More and more companies are beginning to accommodate telecommuters – for a variety of reasons. There are many benefits to an employer in hiring remote workers, perhaps the biggest being the major savings on renting high-priced office space and the ability to widen the recruitment net. Employers are also realising there are much more benefits than saving a few bucks and having easier access to specific skillsets; They’re realising that the many benefits that an employee receives from telecommuting, leads to a happier and more productive member of staff.

What are these benefits and why should you think of allowing more people the option of telecommuting? Below are 5 big benefits an employee receives from remote working and how that can have a positive impact on your business. If you’re worried about potential downfalls in this kind of work, weigh up your fears against the pro’s in this article and decide at the end if it’s something you should consider for the overall growth and success of your company.

Work / Life Balance

With the time saved on travelling in and out of the office and less distractions at home (Businesses lose $600 billion a year in workplace distractions), remote workers find it much easier to experience a great balance between work and life. Not getting this right can lead to a worker starting to resent their place of work from eating into their valuable ‘down-time’.

Save on Travel

With increasing costs on running a car and public transportation, commuting in and out of the office can cost an employee a serious amount of money – 5 Reasons Telecommuting Benefits Everyoneespecially if it’s in and out of large cities. There are no days where a breakdown delays someone getting into the office, or public transportation strikes that can be a nightmare to navigate. It’s also great for the environment, which is another important bonus!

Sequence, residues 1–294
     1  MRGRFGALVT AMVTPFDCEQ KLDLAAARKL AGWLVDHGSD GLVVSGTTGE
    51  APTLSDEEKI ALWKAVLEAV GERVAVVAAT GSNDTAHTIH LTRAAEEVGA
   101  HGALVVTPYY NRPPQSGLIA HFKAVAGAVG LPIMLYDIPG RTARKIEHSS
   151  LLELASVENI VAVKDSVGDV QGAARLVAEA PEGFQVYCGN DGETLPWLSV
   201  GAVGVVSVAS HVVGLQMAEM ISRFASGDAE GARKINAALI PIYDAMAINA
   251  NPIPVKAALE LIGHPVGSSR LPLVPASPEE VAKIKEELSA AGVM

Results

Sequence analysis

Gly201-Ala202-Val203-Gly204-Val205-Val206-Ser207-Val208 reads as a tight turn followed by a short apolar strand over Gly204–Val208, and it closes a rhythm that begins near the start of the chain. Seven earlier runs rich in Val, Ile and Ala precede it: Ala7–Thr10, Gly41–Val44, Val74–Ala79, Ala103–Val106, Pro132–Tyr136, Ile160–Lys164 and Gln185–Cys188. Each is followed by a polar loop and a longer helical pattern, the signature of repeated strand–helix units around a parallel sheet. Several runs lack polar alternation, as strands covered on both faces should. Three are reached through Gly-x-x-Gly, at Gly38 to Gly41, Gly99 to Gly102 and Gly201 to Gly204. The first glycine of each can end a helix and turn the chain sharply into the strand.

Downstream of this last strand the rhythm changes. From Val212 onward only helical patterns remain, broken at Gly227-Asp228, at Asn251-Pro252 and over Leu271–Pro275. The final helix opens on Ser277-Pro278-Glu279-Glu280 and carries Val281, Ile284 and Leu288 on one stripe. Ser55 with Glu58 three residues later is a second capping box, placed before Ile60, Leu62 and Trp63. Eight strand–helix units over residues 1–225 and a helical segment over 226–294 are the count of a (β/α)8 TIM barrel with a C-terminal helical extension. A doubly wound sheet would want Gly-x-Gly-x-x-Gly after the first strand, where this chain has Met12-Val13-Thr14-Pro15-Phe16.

Decreased Stress

Avoiding hectic commutes and enjoying a healthy work-life balance is a major factor in stress reduction. This means an employee will take less sick-days, work more productively and actually save the company money if they have a health insurance benefit system. 78% of employees who call in sick, aren’t really sick. They do so because of family issues, personal needs, and stress.

Flexibility

When remote working incorporates flexible hours, it leads to even more benefits for an employee and for an employer. Say you’re focussed on sales for example, The lead response management study conducted over 3 years, identified that the best times to make qualifying lead calls are between 8-9am and 4-5pm. Take that first time slot for example, most people don’t even start work at that time! If a remote worker starts earlier in order to make a school run later, both parties are going to end up benefitting.

Increased Job Satisfaction

8 out of 10 remote workers cite working from home leads to increased job satisfaction. With the perks mentioned above, along with many more, employees are much happier, more engaged and much less likely to look for another job. This is a major factor when we consider that employee retention is becoming more of an issue in highly sought after fields, such as IT and development for example.

*Other Things To Keep In Mind:

  • People are sick of the rat-race, eager to take control of their lives, and desperate to find a balance between work and life.
  • Two-thirds of people want to work from home.
  • 36% would choose it over a pay raise.
  • A poll of 1,500 technology professionals revealed that 37% would take a pay cut of 10% if they could work from home.
  • Gen Y’ers are more difficult to recruit (as reported by 56% of hiring managers) and to retain (as reported by 64% of hiring managers), but they are particularly attracted to flexible work arrangements (rating among benefits as an 8 on a 10 scale for impact on overall job satisfaction).
  • 80% of employees consider telework a job perk.

Sources:

George Washington University

The lead response management study

Global Workplace Analytics

Journal of Applied Communication Research | Volume 38, Issue 4, 2010: Why Teleworkers are More Satisfied with Their Jobs

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